Retro road trip revs up memories

Take a trip back in time to when families embarked on long road trips to stay at lodgings where pools, packs of biscuits and breakfast hatches were absolute luxury.

The California Hotel in suburban Melbourne aimed to capture the poolside glamour of ‘The Golden State’ was built in 1960.

It’s time to take a trip back in time to when families embarked on long road trips in the summer heat to see oversized attractions and stay at lodgings where pools, packs of biscuits and breakfast hatches were absolute luxury.

The trip down memory lane is part of a touring exhibition which arrives on the Sunshine Coast this month in the form of a nostalgic photographic and promotional film exhibition called Reception this way.

Featuring flashback images of the Cherry Blossom Motel in Darwin, California Hotel in Hawthorn and epic El Dorado Motel at Broadbeach to name a few, the exhibition is a must-see at Caloundra Regional Gallery from January 27 to March 17.

The exhibition takes you back to the 1950s, ‘60s and ‘70s when the roadside motel was an integral part of the Australian holiday experience.

Motels were stylish and sophisticated, and revolutionised the road trip for families and business travellers.

With convenient car parking, mid-century architectural styles and a generous offering of designer mod cons, who could resist booking a motel for their summer getaway? And, of course, there were swimming pools, chance celebrity encounters, sun and surf, tiny packets of breakfast cereal, twin packs of biscuits and a radio in every room!

Victoria’s first motel, the Oakleigh Motel opened in 1957.

Developed by National Archives of Australia in collaboration with comedian Tim Ross, the exhibition’s photographs and promotional film footage featured in Reception this way will revive memories of holiday experiences and give younger folks a fascinating peek into the past.

Director-General of National Archives Simon Froude said Reception this way reminded us of Australian invention and entrepreneurship, and our place in the international tourism market.

“We are very pleased to have Tim Ross taking this nostalgic journey with us,” Mr Froude said.

“His passion for Australian mid-century architecture and exploration of the national archival collection was the inspiration behind the development of Reception this way.’’

Mr Ross said the records at National Archives were richer and more diverse than many people would give them credit for.

“It’s a real treasure trove that deserves to be better known,” he said.

“I’m really pleased that my earlier research and partnership with National Archives planted this seed that has blossomed into a really great exhibition. To be part of that journey has been fun.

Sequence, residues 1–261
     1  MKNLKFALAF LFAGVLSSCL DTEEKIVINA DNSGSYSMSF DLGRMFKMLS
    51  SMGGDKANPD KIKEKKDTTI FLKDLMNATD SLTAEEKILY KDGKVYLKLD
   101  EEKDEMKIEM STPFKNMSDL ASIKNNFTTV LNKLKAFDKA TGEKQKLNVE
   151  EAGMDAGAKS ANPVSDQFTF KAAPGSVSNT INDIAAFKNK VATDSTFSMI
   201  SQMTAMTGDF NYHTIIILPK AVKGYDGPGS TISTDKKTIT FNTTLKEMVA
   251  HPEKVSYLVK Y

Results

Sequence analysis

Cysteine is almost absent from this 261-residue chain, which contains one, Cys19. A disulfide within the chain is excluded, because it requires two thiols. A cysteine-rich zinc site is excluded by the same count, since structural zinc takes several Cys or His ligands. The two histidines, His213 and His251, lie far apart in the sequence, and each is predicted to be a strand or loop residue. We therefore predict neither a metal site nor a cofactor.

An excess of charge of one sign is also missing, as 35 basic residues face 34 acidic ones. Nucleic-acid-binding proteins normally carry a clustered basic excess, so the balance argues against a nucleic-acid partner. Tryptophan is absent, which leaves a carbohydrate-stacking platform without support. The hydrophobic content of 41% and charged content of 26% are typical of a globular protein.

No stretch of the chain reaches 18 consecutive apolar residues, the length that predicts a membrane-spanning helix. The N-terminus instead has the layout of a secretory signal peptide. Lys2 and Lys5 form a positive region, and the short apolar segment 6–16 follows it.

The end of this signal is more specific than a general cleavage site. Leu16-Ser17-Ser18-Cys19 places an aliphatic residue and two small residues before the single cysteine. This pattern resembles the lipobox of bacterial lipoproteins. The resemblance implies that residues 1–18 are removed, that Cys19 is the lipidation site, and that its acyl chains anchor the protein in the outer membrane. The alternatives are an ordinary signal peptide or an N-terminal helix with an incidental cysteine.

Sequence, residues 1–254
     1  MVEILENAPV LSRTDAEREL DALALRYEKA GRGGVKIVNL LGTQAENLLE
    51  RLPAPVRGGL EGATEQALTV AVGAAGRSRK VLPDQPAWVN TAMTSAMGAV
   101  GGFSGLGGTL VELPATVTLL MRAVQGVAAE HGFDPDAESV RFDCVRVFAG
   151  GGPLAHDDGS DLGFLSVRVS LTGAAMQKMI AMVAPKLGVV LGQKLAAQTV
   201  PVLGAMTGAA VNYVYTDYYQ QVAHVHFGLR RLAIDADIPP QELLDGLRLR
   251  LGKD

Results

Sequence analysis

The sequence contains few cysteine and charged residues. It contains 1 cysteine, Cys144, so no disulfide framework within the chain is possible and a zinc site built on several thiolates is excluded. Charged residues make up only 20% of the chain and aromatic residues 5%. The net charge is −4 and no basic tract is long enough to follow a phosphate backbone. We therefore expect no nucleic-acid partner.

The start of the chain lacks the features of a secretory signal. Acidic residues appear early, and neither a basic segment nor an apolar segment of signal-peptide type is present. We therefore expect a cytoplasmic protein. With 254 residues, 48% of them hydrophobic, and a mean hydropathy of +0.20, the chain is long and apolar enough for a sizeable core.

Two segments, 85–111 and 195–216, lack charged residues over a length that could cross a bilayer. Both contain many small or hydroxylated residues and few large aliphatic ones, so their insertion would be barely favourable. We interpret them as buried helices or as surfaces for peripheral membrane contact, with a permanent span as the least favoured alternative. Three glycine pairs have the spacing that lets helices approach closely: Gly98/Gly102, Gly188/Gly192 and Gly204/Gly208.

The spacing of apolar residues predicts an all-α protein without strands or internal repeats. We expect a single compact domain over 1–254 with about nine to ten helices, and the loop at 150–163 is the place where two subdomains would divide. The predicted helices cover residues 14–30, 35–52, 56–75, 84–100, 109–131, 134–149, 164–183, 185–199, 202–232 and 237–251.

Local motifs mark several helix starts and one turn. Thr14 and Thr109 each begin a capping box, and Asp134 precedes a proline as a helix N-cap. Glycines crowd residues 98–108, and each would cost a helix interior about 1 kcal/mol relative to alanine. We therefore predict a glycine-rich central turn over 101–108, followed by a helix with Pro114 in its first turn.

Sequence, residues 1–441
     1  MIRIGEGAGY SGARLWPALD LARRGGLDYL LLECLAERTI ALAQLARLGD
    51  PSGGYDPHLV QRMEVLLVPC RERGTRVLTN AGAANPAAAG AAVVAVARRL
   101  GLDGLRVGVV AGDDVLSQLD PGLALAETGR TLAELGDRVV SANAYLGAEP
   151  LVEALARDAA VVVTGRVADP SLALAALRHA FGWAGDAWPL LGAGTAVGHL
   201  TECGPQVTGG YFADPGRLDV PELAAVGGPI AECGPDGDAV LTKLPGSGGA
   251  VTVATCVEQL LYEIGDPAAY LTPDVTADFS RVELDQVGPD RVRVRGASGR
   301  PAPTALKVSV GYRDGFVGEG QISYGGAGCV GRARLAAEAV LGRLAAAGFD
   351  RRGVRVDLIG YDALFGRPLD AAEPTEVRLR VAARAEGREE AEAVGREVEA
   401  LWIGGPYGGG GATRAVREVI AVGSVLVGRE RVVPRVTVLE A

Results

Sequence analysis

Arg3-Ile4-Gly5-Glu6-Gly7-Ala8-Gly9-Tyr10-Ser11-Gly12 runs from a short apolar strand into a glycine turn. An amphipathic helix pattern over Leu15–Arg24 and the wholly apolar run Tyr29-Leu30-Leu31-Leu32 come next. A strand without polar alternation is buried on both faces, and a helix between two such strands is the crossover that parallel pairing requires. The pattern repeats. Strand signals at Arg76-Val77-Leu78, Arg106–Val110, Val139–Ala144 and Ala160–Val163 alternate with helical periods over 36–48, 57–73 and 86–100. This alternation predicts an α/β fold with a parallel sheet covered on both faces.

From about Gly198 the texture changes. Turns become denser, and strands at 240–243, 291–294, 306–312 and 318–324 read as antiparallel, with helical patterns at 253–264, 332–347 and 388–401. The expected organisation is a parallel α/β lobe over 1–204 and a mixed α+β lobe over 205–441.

“The result is this pictorial love letter to a somewhat bygone era, capturing the glamour and convenience of the roadside motels, from the east coast to the west, during a time when Aussie families found the time to hit road and take a break.”

Division 2 Councillor Terry Landsberg said Council was proud to support this nostalgic exhibition at the Caloundra Regional Gallery in partnership with National Archives of Australia.

Reception this way is a story that is very close to home thanks to the ‘50s tourism boom which pinpointed the Sunshine Coast as an ideal driving destination with an array of motels on offer,” Cr Landsberg said.

Reception this way: motels – a sentimental journey with Tim Ross is coming to Caloundra Regional Gallery from January 27 to March 17, 2024. The exhibition is supported by the National Collecting Institutions Touring and Outreach Program.

Caloundra Regional Gallery is owned and operated by Sunshine Coast Council.

The gallery is located at 22 Omrah Avenue. It is open Tuesday to Friday 10am – 4pm and weekends 10am – 2pm and entry is free.

There is level access from the car park to the gallery and all abilities toilet facilities are available.

For more info about events and activities at Caloundra Regional Gallery, visit, follow @caloundraregionalgallery or subscribe to the monthly eNewsletter.



Sunshine Coast Council acknowledges the Sunshine Coast Country, home of the Kabi Kabi peoples and the Jinibara peoples, the Traditional Custodians, whose lands and waters we all now share. We wish to pay respect to their Elders – past, present and emerging, and acknowledge the important role First Nations people continue to play within the Sunshine Coast community.

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